6 VERY Unexpected Side Effects Of Finally Going On Antidepressants

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6 Side Effects Of Going On Medication For Depression

To say it's a game-changer would be the understatement of the year.

In recent years, depression had become more widely understood. This has been, in many ways, fantastic for those of us who suffer from what is sometimes referred to as "the black dog." At other times, it can be frustrating, because there's more to depression that people outside it first suppose.

Everyone is familiar with the numbness, the crying and the suicidal thoughts the head stuff, if you like. Those of us stuck with it also know there's more to it than that, but it's difficult to know exactly what.

I've had depression all my life and I had no idea some of these things were so strongly related to my condition, until, well... my meds started working. It makes it a lot easier to like yourself when you find out that you aren't as lazy, scatty or clingy as you may appear.

So, for all those people with a vested interest in depression and those of us who suffer it, here are the things I couldn't do until my meds started working.

1. I was able to finish a book in less than six weeks

Depression messes with your concentration. It never occurred to me that the reason I couldn't read more than a page or so of any given novel at a time was more to do with my depression than my dyslexia. I thought I was just too slow at reading, then my meds worked.

2. I was finally able to sleep with the lights off.

I couldn't shake the feeling of the world closing in. If I couldn't see anything at all, I would start to hyperventilate. I hated the isolation. At my lowest point, I suffered auditory hallucinations. On top of that, my chemicals were so out of whack that I didn't need darkness to sleep anyway, I just needed opportunity — not even comfortable opportunity.

I've slept in lecture theatres, face down on computer keyboards and even once in a supermarket. Now, it's a different story. I have to have low light and take my time to drop off. Being able to read more than a page or so really helps. I thought I was a champion sleeper, then my meds worked.

3. I kept my bedroom tidy.

It's incredible how easy it is to make a mess when you're severely depressed. My room was so often under a foot of laundry that my partner used to joke I didn't need carpets. I knew it was ridiculous, but I just couldn't seem to stretch the extra inches to drop my dirty laundry into the washing basket.

My partner would round it up and wash it. I know what you're thinking: how spoiled, I wouldn't do that for my kids, but honestly, I'm too old to cover up smells with body spray, and that's what I had started doing.

Then, my incredibly patient partner would put my clean clothes in a pile on my bed. All I had to do was pick up the piles, turn ninety degrees and put them in the drawers. That was too much. My clean clothes would end up on the floor, mixing with the dirty ones, and the mugs, plates, empty drinks cans, and other crap that would pile up because it was too much to take anything downstairs.

It was horrid. I thought I was just a slob, then my meds worked.

4. I could leave my phone at home without panicking.

I'll be the first to admit I'm hooked on the internet. Most people have a somewhat unhealthy connection with their phone these days, either because of Facebook, Twitter, or eBay or whatever. This wasn't that. This was an honest to goodness terror of being disconnected.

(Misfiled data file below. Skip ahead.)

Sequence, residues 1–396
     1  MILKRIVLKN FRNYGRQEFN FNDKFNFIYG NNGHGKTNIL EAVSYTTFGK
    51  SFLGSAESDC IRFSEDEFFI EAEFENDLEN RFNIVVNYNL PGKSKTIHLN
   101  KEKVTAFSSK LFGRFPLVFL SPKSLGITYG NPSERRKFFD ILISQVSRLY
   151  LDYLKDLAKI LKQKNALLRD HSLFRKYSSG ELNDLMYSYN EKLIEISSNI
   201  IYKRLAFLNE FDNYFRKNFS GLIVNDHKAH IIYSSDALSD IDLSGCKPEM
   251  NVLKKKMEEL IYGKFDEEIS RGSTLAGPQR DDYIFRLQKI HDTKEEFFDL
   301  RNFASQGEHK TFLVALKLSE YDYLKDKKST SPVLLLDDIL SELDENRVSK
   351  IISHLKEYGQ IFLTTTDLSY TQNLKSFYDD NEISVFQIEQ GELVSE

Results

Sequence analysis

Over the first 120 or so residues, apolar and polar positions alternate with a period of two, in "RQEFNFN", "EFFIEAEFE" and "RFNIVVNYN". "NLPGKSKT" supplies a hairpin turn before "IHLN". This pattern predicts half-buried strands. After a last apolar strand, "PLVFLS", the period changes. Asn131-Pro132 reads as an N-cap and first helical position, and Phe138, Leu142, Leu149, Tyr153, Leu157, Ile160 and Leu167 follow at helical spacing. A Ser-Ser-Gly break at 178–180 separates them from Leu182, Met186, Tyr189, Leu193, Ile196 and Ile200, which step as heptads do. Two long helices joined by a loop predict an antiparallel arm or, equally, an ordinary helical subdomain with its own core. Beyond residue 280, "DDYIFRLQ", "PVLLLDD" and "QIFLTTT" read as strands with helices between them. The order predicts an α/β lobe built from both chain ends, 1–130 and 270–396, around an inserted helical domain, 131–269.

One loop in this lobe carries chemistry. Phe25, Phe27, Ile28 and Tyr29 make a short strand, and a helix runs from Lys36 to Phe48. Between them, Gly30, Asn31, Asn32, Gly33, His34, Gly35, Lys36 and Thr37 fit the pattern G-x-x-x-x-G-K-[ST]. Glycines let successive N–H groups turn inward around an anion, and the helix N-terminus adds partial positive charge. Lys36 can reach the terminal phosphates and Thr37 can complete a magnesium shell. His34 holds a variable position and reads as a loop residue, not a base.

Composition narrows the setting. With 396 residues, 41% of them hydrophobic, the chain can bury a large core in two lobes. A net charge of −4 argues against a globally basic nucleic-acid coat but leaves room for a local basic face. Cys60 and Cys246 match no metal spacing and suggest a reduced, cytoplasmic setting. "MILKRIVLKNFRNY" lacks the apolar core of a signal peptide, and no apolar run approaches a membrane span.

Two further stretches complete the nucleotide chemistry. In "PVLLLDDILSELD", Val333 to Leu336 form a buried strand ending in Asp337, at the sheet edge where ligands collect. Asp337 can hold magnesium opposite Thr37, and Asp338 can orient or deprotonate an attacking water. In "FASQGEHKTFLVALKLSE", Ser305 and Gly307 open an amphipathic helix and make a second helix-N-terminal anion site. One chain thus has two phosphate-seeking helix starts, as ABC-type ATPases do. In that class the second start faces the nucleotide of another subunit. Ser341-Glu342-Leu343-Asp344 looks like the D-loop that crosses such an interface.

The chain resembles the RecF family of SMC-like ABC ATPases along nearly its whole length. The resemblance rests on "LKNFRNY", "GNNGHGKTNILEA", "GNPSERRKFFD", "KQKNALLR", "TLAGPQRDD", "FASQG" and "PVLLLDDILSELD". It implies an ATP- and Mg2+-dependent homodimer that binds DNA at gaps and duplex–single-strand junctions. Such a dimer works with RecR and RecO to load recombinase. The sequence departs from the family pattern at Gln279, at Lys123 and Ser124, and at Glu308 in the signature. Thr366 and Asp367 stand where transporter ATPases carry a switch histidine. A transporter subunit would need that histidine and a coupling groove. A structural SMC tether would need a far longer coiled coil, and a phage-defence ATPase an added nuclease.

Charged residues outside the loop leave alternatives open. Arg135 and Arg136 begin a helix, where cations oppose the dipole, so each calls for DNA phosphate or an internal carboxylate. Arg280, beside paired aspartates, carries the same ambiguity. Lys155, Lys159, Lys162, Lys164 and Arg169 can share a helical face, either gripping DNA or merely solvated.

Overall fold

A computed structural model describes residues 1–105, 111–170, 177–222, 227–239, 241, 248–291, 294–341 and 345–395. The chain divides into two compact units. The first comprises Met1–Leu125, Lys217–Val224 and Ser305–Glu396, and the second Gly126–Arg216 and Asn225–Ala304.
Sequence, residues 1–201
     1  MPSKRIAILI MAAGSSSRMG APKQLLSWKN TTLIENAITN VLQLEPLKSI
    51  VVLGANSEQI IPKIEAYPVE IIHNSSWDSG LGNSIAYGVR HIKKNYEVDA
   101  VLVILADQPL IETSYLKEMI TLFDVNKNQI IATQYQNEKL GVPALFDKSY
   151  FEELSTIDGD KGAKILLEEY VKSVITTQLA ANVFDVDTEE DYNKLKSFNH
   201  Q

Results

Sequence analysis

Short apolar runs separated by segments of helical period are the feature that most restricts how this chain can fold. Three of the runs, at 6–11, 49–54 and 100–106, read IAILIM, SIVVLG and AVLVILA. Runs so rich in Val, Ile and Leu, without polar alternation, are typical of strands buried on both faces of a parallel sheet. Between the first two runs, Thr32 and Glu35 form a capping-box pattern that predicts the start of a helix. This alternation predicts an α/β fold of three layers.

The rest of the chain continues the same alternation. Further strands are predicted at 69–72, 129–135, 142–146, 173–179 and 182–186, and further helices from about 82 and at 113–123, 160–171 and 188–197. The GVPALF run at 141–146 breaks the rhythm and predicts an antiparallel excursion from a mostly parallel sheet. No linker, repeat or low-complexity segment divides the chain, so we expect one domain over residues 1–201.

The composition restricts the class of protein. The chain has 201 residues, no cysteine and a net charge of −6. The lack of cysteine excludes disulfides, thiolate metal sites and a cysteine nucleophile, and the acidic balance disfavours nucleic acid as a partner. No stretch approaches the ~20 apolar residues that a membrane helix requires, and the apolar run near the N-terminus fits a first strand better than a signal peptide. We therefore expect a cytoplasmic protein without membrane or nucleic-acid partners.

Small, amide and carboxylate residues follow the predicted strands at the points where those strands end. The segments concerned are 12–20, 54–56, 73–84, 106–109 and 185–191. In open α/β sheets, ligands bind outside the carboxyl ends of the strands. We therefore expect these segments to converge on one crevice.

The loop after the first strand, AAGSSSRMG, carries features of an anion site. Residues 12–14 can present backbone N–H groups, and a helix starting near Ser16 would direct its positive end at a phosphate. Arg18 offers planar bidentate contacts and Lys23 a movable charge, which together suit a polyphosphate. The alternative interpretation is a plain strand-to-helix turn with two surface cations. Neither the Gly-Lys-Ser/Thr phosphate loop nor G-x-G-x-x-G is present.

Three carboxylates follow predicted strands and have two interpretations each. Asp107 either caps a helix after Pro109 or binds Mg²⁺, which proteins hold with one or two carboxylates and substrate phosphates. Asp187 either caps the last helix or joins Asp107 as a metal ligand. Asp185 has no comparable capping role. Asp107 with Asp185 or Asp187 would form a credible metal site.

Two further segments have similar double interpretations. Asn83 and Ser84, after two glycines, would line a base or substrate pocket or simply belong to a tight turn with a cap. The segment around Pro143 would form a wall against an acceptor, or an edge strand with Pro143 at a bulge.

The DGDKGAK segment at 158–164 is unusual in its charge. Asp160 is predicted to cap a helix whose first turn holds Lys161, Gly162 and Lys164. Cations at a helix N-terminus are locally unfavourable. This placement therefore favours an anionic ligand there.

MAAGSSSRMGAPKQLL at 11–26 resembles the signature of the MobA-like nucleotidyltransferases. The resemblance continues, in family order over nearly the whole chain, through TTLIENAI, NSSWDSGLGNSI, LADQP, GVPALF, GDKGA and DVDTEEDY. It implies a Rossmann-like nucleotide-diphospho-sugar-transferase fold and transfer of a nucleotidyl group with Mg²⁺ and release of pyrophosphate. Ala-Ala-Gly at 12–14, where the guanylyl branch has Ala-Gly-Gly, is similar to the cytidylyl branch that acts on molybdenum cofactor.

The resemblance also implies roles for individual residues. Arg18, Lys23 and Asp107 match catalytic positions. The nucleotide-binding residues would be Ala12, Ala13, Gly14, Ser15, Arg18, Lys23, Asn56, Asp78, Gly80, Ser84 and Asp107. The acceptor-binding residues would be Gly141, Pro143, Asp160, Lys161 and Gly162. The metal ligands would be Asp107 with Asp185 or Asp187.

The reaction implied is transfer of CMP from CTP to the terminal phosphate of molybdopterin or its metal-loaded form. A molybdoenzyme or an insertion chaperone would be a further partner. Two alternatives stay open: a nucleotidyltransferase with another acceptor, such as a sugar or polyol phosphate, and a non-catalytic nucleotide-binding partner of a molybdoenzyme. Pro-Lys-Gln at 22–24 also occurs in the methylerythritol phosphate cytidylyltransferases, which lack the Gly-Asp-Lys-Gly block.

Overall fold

I was totally afraid of being alone, not being able to contact friends, even if only briefly. Quick texts became a mainstay of my coping mechanisms. Just the ability to reach out and make human contact with someone, if only to receive a smiley in return.

It helped a lot, on the odd occasion it actually got me through a dark thought or two. Knowing that is probably why I was so scared of being without it. I couldn't go about more than 15 minutes without checking my phone, then my meds worked.

5. I drank enough water.

I actually quite like really cold water. We have it freely accessible at work. All I had to do was fill my bottle, then fill my face. This was too much for me. Sometimes, I'd get to supper time having drunk nothing. I'd just about manage some pop at dinner time, or maybe some fruit juice.

It didn't matter how much my partner nagged. She would hand me glasses of water, I'd take two sips, put them down and they'd sit untouched. They still do some nights, but that's because I'm no fan of our village water supply. My constant dehydration probably added to the problems I was having with my mental health. I just couldn't see it. I thought the whole benefit of hydration was a myth, then my meds worked.

6. I actually enjoyed silence.

There's a lot of white noise in your head, and when you're depressed it hates you. It goes on and on about things that it knows will upset you. If it's not one thing, it's another. I found that if I blocked the noises out with music, films, anything at all, then I wasn't likely to have a meltdown over some bullsh*t thing my head was banging on about now.

It takes its toll, constantly having noise is exhausting or the senses. Silence is restful, it's good for the soul. I wanted to love it but I couldn't stand it, then my meds worked.

I still have bad days, and sometimes these things come back and bite me on the proverbial, but now I know what causes them I can deal with them.

I didn't write this article to crow about my meds... well, not just that anyway. Hopefully, it'll shine a bit of a light for other people stuck with the same subtle, yet pervading physical symptoms of the dreaded depression.


This article was originally published at Elephant Journal. Reprinted with permission from the author.


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